Cell proliferation and tissue remodeling are major determinants of cancer metabolism and the response to drugs targeting metabolism
© Markert et al; licensee BioMed Central Ltd. 2014
Published: 28 May 2014
Alterations in cell proliferation and tissue remodeling are major hallmarks of cancer. Given that these two physiological processes require a significant investment of metabolic resources, we hypothesize that the metabolism of cancer cells is, in a first approximation, determined by the magnitude of cell proliferation and tissue remodeling.
Materials and methods
To address this question in further detail we have analyzed in vitro data characterizing cancer cell lines and gene expression profiles of human cancers.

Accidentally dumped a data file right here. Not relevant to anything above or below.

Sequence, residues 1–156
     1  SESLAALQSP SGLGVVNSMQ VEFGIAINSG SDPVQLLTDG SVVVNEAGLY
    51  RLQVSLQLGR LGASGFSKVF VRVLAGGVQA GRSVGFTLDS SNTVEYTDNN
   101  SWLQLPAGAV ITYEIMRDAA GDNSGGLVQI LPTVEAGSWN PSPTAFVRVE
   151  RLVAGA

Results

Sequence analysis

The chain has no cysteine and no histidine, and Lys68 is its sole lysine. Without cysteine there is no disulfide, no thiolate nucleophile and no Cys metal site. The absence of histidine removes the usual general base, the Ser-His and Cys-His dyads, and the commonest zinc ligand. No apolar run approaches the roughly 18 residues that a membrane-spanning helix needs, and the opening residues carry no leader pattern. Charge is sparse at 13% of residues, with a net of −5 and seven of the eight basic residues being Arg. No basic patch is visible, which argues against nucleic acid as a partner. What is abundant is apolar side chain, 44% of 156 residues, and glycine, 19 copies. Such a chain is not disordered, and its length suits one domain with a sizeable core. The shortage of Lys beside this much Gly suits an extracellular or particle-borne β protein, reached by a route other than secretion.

We show that the metabolism of cancer cells is strongly correlated with cell proliferation and tissue remodeling. Based on in vitro data, cancer cell lines align from an extreme of highly proliferating cells of relatively small size to another extreme of slowly proliferating cells with large size and mesenchymal properties . Similarly, in human cancers we detect a strong negative correlation between gene signatures associated with cell proliferation and tissue remodeling . The stratification of human cancers based on the cell-proliferation/ tissue-remodeling signatures results in divergence in the survival plots as significant as those obtained using current site-specific classifications. Furthermore, in vitro data suggest that these different subtypes have a differential sensitivity to diverse drug classes targeting metabolism .
We conclude that human cancers can be subject to a universal cell-proliferation/tissue-remodeling classification independent of their site of origin that can guide personalized treatment targeting cancer metabolism.
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